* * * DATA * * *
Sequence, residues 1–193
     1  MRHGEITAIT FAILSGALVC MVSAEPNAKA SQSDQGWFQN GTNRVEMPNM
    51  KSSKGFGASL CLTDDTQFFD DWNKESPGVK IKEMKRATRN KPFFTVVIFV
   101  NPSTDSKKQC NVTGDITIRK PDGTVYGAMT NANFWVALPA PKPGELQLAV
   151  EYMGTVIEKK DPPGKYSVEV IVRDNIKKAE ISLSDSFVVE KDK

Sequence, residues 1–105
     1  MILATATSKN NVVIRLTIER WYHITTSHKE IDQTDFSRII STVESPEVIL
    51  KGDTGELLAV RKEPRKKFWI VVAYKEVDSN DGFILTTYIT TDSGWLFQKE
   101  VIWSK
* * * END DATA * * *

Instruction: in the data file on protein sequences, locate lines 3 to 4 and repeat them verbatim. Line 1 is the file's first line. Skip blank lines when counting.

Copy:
    51  KSSKGFGASL CLTDDTQFFD DWNKESPGVK IKEMKRATRN KPFFTVVIFV
   101  NPSTDSKKQC NVTGDITIRK PDGTVYGAMT NANFWVALPA PKPGELQLAV